YOU inevitably tackle an enormous range of stories and issues to report on in this job, which is one of the best things about it.

Some are happy, some are awful, and many somewhere in between the two. A number stay with you, and such was the case with young Fintan Morley-Smith, diagnosed with eye cancer when he was just a few months old (see page 7).

I met Fintan in early 2009, when he was about 19-months-old, and have never forgotten him. I went to his parents’ home to interview the family about father James’ fundraising London Marathon bid and to find out more about the horrible disease afflicting their son. Naturally, I was braced for a bleak atmosphere – while the cancer seemed to be on the back foot at the time, Fintan was far from out of the woods (as the later loss of both his eyes proved).

What I found, though, was a lively, laughing toddler who – if not for the obvious signs of his illness – gave no hint of the grim ordeal he was going through, both in terms of the cancer and the hard-going treatments. In fact, if I recall correctly, he spent most of my visit dashing and bouncing about the living room like any other terrifyingly overactive toddler.

Of course, as a parent you hope your child will never have to go through anything like that – it is cruel, unfair and as horrific a piece of news as you could imaginably receive from a trip to the doctor’s. But even then, Fintan had very little in common with the preconception I had of a sickly, subdued young child battling an awful disease. In fact, he was more exuberant and cheerful than many of us lucky enough to go through most of life without the slightest hint of serious illness.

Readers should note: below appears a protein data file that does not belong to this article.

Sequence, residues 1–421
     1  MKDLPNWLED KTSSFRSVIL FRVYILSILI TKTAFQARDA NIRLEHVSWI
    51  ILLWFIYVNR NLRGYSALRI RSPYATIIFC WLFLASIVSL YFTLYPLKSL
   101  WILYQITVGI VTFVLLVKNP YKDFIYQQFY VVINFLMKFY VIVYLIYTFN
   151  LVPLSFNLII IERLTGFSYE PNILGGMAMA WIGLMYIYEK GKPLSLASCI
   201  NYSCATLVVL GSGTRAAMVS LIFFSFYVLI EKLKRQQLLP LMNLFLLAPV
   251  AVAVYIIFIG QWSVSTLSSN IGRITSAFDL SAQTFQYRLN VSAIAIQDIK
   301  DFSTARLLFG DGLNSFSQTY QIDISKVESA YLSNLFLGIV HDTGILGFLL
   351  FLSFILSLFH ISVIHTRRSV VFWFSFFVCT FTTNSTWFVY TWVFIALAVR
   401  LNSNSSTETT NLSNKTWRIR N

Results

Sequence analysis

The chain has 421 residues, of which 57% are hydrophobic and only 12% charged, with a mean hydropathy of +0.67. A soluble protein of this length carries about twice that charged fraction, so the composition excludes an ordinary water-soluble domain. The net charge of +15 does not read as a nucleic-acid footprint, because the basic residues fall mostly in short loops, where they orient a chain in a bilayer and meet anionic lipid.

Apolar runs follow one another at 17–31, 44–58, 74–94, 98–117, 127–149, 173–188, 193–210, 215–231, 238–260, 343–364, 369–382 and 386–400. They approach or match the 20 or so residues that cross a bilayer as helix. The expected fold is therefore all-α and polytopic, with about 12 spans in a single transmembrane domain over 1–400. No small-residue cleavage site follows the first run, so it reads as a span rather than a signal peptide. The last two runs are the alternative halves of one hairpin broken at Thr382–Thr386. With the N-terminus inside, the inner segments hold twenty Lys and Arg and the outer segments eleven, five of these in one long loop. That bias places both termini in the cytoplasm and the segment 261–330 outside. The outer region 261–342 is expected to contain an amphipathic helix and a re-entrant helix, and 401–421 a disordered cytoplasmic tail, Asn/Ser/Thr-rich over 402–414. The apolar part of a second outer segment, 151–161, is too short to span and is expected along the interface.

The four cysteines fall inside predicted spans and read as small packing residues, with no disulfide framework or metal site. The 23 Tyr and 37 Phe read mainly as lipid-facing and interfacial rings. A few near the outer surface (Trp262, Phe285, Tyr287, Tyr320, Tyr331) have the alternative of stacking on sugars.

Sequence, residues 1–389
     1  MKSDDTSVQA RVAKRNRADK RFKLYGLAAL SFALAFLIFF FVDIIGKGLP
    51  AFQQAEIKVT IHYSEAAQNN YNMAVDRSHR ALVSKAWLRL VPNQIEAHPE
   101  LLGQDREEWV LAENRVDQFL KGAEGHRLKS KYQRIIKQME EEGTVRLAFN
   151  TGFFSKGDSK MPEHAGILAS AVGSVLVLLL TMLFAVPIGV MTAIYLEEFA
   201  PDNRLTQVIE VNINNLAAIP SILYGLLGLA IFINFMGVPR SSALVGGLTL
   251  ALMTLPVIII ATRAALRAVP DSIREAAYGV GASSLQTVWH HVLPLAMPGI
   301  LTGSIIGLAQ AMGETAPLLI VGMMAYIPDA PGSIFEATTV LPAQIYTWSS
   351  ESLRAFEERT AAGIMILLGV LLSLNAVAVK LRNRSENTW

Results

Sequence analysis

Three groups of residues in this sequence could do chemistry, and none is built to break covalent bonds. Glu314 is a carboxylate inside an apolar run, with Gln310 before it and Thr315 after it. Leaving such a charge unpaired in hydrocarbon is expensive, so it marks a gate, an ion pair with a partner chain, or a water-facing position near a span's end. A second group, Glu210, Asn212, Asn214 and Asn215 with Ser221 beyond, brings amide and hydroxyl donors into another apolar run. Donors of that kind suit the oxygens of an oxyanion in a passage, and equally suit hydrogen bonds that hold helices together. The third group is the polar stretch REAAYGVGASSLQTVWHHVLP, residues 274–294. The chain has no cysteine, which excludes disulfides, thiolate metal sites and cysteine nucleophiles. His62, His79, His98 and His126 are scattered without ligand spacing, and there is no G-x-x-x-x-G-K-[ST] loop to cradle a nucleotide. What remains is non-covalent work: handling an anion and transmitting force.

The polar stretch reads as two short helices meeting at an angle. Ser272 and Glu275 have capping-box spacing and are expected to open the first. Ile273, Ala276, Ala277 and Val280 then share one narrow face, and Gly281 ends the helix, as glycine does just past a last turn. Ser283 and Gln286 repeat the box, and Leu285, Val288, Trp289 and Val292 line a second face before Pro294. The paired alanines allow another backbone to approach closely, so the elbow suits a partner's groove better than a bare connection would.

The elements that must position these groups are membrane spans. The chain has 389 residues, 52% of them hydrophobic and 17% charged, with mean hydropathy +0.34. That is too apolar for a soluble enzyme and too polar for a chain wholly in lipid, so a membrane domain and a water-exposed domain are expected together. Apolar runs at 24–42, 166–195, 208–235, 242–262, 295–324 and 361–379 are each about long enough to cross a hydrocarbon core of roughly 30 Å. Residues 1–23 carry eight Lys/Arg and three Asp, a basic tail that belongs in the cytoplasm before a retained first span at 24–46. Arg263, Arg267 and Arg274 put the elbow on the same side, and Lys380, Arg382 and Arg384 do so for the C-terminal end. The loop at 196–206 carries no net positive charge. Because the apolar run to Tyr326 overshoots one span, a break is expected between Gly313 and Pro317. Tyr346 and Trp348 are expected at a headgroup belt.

He had incredibly hard days, of course, but he was an inspiring little boy then, and, on speaking to his dad again, ahead of his latest fundraising marathon bid for the charity that helped the family through their crisis, it seems he very much remains so.

There are, of course, a bewildering number of good causes out there worthy of support, and the Childhood Eye Cancer Trust is just one of them. Indeed, we feature a number in this week’s newspaper – and every week, come to that.

There is the brilliant work of the Rennie Grove charity, which cares for the desperately ill in their own homes – and which inspired so many to take part in the Chilterns Cycle Challenge last weekend. And then the heartfelt appeal from the Twohiggs family for funding to help create a sensory room at their home to help ten-year-old daughter Cassie, who suffers from the rare regressive condition of Rett syndrome.

Recently we have covered the huge outpouring of support for Nina’s Fund – which has seen tens of thousands raised for new mum Nina Langley, 32, of Marlow Bottom, for the specialist treatment her family hope can battle the cancer she has been diagnosed with.

And these are the tip of the iceberg, especially in these times of service cuts to key organisations. Despite this abundance of charitable demands, though, it is always impressive how readily so many people in Bucks seem willing to give their time or money to others so desperately in need.